make loans and take deposits, but increasingly also buy and sell financial
securities, including derivatives, many of which are held for short periods.
16/  Now, interest rate changes and exchange rate changes in any number of
markets could change the value of a significant part of the financial assets
held by a bank and thus adversely affect its soundness.

28.  The market-risk issue is complicated because the risk characteristics of
any loan that a bank makes or security that it buys can be altered by the
purchase of an options contract or another derivative (e.g., a currency or
interest rate swap to change the contracted stream of payments into something
deemed less risky or more profitable).  Even if the risk of an individual bank
loan is reduced by purchase of such a hedge, some risk remains and should be
measurable.  Considering the entire portfolio of loans and securities handled
by a large bank and its rapid turnover, the net market risk of the bank could
be quite complicated to track.  Indeed, because bank managers need to monitor
their net risk exposure, some institutions have developed elaborate risk
measurement systems that allow a highly refined assessment of all exposure at
once, including government bonds, money market instruments, currencies, and of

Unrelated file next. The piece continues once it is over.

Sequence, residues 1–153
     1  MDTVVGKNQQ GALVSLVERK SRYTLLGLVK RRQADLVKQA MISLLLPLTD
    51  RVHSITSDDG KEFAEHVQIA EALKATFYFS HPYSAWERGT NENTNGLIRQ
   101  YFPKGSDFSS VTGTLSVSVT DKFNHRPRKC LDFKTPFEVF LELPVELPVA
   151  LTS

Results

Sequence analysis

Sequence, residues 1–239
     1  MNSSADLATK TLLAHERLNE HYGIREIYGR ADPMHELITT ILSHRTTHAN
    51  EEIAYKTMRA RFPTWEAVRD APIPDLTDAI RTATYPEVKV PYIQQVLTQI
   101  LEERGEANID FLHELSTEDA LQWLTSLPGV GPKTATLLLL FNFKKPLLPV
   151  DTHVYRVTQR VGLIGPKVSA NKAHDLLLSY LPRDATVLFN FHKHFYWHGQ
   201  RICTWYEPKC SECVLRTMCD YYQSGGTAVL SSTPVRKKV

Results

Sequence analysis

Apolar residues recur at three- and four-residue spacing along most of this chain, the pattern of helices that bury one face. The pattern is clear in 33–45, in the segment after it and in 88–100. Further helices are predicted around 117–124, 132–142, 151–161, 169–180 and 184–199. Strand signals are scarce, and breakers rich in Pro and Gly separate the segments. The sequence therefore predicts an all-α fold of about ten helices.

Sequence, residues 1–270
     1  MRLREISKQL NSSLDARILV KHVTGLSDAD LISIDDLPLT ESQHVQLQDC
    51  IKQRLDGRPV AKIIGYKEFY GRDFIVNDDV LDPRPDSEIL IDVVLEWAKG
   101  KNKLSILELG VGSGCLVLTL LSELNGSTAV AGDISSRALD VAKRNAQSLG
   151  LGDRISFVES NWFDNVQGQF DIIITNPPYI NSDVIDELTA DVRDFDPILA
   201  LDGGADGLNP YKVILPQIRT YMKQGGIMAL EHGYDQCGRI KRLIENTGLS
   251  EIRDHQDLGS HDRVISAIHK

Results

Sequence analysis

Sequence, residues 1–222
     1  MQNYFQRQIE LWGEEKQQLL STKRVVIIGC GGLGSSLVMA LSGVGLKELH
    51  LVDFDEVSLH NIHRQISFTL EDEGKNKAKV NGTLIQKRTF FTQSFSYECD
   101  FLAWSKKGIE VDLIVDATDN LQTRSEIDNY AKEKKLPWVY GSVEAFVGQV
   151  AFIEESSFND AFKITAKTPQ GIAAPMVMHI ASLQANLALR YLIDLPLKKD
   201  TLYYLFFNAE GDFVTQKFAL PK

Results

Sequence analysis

course, derivatives.

29.  In December 1995, in response to such concerns and after three years of
consultations, the Basel Committee announced a major amendment to the Basel
Capital Accord.  The objective of the amendment is to set new capital adequacy
requirements (after a two-year implementation period), which would include not
only credit risks but also the market risks arising from banks' trading
activities and from their open positions in foreign exchange and commodities
markets.  Under specified conditions, the new Basel amendment will allow banks
to use their own internal models as a basis for calculating their market risk
- and thus the amount of capital backing required - albeit with risk defined
in a common way, called "value at risk". 17/

30.  This represents a significant innovation in supervisory methods, as
increased reliance will be made on what were initially market-led initiatives
for helping financial institutions manage their risk.  The Committee has thus
decided that in a complex and rapidly evolving financial environment, uniform
quantitative rules and mechanical monitoring of balance-sheet and off-balance-
sheet data are not adequate to protect against actual or potential risks. 
Instead, the Basel Committee is assigning greater responsibility to the senior
management of financial institutions.  In addition, for the banks whose
internal models are judged acceptable, there will be no additional data
calculation and reporting burden.


         B.  New thinking about regulation:  making imprudence costly

31.  Permitting the use of internal models illustrates a more general recent
trend in thinking, which is that market discipline - in a word, the threat of